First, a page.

In 2013, Guillermo del Toro brought Pacific Rim to theater screens around the world. The film that involved kaijus and giant mecha fighting each other was a huge homage to the kaiju films and mecha anime that del Toro watched while growing up. The film gathered quite a number of fans behind it, and it was one of the most enjoyable original blockbusters in recent times. Sadly, Del Toro went into other projects and the sequel was handed to Steven S. DeKnight who directed Pacific Rim: Uprising, a sequel that was in every way inferior to the original.
The sequel’s poor reception put the franchise in stagnation, but thankfully, Netflix, along with producers Greg Johnson and Craig Kyle, managed to bring Pacific Rim back one last time in the form of a CGI anime series called, Pacific Rim: The Black. The series also gathered a tame response, but it did well enough so that a second season could be greenlit in order to bring the story to an end.
Just like the first season, this second season consists of seven episodes of around 25 minutes in length. The show is still being produced by Polygon Pictures, with the writing being done by Greg Johnson and Craig Kyle themselves. This second season continues right after the end of the first season. It follows the journey of Hayley and her brother Taylor through the wastelands of Australia as they try to reach the last bastion of civilization where their lost parents could still be alive.
The first season of Pacific Rim: The Black was a mixed bag. The show, of course, has incredible potential, and yet, maybe because of the animation or because of the writing itself, it never reaches the heights that it could. Mostly, you could say that as the show began to stay away from the Kaiju vs Mecha theme and started to develop its own mythology, it felt like these two sides of the story could not be reconsolidated. It felt like two different shows were working to carve out the space needed to develop themselves in the proper way.
Season two is not much different, with a story that feels muddled and constrained by strange rules, weak villains, and rushed pacing. It becomes clear as the season moves on that the story was not planned to be over by the second season. The writers must have had tons of ideas they wanted to try out, but Netflix must have said, “no, this is the last season,” forcing the writers to close the story way before what was planned. The result is an ending that hits some of the important stuff that we wanted to see, while also leaving tons of things up in the air and not managing to create a satisfying ending at all.
Presentation wise, the show keeps being your standard CGI anime fair, which I have to say, I don’t think there are many fans of. 3D anime still doesn’t have the quality and majestic feeling that 2D animation can offer. The techniques are still in their infancy, and while it is good to see that they are being improved upon, it also feels like a waste not to present these stories in the best possible way from the get go. 3D anime still lacks the sense of composition that makes 2D anime a source of many iconic images. We will have to wait and see how the technology keeps evolving. Maybe the incoming Tekken show, which is being developed with the help of Team Red from Arc System Works, has the key to the secret.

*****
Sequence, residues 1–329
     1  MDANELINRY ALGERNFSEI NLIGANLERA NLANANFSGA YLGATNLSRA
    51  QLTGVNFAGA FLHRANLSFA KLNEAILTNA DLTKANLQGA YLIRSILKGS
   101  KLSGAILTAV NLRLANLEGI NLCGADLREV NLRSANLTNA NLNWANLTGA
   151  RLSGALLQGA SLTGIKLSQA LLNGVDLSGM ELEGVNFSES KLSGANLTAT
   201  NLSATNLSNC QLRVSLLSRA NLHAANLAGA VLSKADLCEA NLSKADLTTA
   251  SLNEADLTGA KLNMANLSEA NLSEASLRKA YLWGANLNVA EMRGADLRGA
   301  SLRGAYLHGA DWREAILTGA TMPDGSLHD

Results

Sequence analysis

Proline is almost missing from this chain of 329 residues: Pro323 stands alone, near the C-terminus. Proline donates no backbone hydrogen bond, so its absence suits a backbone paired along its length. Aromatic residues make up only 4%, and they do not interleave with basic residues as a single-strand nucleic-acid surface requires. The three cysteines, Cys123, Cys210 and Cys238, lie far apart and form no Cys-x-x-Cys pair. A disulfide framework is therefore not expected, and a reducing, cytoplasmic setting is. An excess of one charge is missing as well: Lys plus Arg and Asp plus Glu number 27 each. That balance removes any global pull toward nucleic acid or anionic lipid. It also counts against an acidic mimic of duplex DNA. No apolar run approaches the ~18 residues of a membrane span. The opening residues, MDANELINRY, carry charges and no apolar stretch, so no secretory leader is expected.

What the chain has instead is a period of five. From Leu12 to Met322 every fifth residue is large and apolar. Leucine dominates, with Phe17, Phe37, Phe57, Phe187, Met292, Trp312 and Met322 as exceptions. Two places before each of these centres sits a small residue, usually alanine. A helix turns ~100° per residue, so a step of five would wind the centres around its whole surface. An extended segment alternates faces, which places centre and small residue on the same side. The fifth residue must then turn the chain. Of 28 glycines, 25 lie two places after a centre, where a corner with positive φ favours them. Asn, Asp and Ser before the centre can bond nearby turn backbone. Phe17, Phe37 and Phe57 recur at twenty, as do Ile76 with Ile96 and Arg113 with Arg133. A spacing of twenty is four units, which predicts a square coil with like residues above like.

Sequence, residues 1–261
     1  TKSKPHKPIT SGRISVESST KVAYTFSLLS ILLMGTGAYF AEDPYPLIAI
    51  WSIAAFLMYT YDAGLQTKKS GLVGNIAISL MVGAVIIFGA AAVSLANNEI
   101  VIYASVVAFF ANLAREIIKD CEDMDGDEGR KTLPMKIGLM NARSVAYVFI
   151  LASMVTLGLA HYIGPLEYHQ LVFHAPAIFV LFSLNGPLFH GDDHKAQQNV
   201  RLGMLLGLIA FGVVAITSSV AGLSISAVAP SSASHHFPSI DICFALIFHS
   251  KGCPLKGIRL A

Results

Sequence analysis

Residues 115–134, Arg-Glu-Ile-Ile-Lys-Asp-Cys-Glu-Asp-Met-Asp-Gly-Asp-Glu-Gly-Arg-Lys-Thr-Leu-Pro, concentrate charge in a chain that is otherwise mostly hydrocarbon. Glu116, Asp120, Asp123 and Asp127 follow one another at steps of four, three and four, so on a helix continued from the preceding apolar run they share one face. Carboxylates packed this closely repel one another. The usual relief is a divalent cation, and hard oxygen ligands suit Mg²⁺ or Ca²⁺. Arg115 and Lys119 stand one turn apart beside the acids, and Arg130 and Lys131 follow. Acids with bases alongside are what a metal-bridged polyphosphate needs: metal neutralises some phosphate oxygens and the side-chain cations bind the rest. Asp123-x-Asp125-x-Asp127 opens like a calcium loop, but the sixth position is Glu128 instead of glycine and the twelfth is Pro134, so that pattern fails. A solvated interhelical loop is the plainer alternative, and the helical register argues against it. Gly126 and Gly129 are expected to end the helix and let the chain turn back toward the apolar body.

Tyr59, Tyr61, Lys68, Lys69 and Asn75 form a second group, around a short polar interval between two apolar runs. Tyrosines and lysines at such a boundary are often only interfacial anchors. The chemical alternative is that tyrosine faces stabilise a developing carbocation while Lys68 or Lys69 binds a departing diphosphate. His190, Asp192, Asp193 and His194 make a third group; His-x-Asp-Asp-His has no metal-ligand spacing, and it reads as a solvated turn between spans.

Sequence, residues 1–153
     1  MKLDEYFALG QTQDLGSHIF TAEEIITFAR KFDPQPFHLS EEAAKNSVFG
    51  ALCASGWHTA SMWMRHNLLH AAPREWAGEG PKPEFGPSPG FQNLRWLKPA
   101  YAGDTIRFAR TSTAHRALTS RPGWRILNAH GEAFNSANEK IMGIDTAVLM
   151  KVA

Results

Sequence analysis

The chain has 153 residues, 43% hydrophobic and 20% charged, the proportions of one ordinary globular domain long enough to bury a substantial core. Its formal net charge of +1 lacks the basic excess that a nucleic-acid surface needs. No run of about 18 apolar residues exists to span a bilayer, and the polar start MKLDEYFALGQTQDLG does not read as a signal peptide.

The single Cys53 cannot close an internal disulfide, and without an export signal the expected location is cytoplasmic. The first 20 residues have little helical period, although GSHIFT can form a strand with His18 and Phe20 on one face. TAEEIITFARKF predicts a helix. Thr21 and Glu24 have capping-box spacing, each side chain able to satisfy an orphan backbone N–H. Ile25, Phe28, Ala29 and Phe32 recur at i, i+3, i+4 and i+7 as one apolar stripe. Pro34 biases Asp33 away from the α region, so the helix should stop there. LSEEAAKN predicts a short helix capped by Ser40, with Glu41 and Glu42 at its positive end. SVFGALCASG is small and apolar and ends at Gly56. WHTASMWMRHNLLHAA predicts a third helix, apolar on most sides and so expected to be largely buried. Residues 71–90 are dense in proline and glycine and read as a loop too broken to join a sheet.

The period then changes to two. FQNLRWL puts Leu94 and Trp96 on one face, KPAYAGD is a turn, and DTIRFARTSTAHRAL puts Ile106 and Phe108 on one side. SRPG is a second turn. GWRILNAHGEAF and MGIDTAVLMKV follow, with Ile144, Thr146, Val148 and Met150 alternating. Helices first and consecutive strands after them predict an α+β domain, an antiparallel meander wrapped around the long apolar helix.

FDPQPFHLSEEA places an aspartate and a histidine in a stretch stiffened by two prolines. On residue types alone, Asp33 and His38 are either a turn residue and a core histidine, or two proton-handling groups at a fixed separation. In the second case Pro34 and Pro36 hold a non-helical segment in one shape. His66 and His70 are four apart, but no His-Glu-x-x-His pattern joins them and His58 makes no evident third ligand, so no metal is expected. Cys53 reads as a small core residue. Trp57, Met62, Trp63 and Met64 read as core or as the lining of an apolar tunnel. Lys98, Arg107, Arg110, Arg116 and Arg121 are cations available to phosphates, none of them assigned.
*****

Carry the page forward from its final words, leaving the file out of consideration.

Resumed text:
If anything, the character work is what saves this season from being just a bunch of wasted potential. Both Hayley and Taylor finally come together as characters, and they are really good ones. It is sad because you feel that these characters just deserve a better show to be in, but at the same time, they are what makes the show they are in worth watching.
Hayley, in particular, comes off as a weird type of character in this day and age. She’s a strong, independent young woman, and yet the show doesn’t need to transform her into a badass or a female character that needs to project her insecurities onto men, like so many other shows do. No, Hayley is strong in her own way, and her personality is all but brutish. Her motherly sense comes through really strongly this season, as she takes care of the Boy, but this doesn’t make her weaker, only stronger and someone worth admiring.
Taylor also matures a lot throughout the season as well. By the end, he’s just a more reliable person and someone who has enough confidence in himself to admit when he is right and when he is wrong without making others feel bad. It is really nice to see character development done right. Mei and Boy on the other hand, do feel a bit short-handed when it comes to their development, a consequence of the season being the last when that wasn’t the plan.
Overall, Pacific Rim: The Black, could have been a much better show than it is, but it still remains an entertaining option to watch if you are a fan of the Kaiju genre or a fan of the Pacific Rim film.